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6 great ways to update your resume

4/28/2020

6 great ways to update your resume

When you're trying to put together the best possible resume to highlight just how worthy you are for an open position, there are a lot of things to consider. You certainly want your resume to serve as the perfect introduction to a would-be employer, and some changes are going to be more effective on this front than others.

Especially if you haven't updated your resume in a few years, the following tips will help ensure that your document stands out from the crowd:

1) Don't go too deep into your past

If you've been a professional in your industry for several years or more, your resume should reflect that, according to The Balance Careers. If you graduated from college more than a decade ago, your major and GPA probably don't matter much to a potential employer, and the same is true of entry-level jobs you held more than a decade ago.

2) Keep your qualifications up to date

Much like you should continually update details around your work experience, it's also a good idea to make sure your various certifications, industry awards and other qualifications that make you look like a great candidate are current, The Balance Careers added. Here, too, those you won several years ago or more may not be all that applicable, but you should have a running list to show just how good of a candidate you are.

3) Change the language to suit the job posting

This is something that should be done with every single job you apply to, but altering the language of your resume to more closely mirror what's in the listing is always a good idea, The Balance Careers further noted. That way, you're highlighting the things you want to really show off in a way that more directly appeals to a specific hiring manager.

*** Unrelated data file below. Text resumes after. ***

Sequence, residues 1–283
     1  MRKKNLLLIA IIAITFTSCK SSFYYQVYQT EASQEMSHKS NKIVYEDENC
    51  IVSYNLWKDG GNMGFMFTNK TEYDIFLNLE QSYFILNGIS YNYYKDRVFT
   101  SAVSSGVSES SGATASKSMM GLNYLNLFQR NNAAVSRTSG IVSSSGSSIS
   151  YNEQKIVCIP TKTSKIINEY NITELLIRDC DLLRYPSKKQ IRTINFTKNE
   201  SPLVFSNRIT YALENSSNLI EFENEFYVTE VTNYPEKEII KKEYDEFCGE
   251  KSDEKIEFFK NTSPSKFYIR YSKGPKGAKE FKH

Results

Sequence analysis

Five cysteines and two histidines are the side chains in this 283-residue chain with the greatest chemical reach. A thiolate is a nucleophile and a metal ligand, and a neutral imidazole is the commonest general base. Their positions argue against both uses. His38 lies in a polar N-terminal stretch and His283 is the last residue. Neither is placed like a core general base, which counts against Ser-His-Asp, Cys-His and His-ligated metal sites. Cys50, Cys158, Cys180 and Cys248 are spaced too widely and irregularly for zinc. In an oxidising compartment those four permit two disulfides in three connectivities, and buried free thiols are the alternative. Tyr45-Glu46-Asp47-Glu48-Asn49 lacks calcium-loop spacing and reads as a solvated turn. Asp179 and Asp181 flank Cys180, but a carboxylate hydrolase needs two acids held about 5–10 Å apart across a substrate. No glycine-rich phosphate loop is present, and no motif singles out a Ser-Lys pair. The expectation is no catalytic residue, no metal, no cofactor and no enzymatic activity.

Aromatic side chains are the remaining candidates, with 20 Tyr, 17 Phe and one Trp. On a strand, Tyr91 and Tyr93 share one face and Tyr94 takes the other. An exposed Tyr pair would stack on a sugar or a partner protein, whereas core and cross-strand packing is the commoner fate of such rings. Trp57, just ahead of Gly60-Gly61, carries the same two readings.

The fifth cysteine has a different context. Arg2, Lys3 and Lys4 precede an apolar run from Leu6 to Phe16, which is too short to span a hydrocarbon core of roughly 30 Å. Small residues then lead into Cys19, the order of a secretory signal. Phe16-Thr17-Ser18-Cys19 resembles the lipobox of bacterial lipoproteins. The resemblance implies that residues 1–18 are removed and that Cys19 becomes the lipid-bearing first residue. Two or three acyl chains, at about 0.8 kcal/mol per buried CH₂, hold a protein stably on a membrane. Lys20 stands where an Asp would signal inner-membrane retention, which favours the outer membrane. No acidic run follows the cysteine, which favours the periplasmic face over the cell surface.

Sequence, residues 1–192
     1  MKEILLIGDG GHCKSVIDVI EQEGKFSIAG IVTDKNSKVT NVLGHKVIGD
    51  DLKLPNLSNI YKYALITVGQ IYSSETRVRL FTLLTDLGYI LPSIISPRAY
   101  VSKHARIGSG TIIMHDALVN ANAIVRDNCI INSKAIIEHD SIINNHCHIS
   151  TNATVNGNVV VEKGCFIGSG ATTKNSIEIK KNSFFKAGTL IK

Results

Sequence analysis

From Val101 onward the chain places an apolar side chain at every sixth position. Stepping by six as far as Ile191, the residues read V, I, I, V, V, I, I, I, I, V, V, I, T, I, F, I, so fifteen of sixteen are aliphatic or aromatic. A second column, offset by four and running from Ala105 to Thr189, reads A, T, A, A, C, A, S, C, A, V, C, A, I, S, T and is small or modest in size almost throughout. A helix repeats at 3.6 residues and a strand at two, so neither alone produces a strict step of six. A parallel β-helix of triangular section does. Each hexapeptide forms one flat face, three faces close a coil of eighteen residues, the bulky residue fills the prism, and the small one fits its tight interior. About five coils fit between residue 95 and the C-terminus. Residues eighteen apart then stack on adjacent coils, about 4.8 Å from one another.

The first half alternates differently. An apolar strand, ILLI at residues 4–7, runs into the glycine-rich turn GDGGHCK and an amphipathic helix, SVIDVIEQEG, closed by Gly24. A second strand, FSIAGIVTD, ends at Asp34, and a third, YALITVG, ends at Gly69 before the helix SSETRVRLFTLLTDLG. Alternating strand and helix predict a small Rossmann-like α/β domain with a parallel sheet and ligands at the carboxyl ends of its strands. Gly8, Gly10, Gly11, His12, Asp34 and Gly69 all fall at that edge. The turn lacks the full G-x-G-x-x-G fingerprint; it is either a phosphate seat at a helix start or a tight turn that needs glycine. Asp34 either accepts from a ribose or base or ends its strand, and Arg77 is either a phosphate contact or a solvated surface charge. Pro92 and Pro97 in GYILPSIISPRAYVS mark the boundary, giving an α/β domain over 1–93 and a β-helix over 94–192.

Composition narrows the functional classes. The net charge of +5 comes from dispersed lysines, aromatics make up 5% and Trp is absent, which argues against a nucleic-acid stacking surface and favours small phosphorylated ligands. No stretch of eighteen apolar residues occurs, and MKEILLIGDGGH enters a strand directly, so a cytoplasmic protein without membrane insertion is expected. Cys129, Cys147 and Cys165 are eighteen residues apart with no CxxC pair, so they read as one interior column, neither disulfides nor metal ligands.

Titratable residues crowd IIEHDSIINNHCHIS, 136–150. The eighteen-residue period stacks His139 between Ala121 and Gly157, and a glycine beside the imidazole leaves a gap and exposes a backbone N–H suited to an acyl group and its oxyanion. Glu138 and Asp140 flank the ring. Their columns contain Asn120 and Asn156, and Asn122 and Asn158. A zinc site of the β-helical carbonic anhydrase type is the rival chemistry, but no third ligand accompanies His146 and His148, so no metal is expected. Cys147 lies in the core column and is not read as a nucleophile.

4) List only relevant positions

When you're altering your job history overall, it's also a good idea to excise any positions that aren't directly related to this position, according to Top Resume. That doesn't just mean deleting the summer you spent scooping ice cream in high school, but also those from previous career tracks you abandoned, so that hiring managers know exactly what you bring to the table.

5) Take out your objectives

In the past, you may have been told that listing your career objectives at the top of a resume is a good idea, but that's not really the case anymore, Top Resume said. Certainly, your career objectives can be inferred by the fact that you're applying for a given position, and moreover, deleting it from your resume will save space so you can list more pertinent information.

6) Read it over three times

Even one little error in your resume can be enough of a turnoff for a hiring manager to disregard it entirely, according to The Muse. That means making sure there are no typos, inconsistencies with listed dates, grammatical errors and so on. It may be a good idea to have someone else read it over, too.

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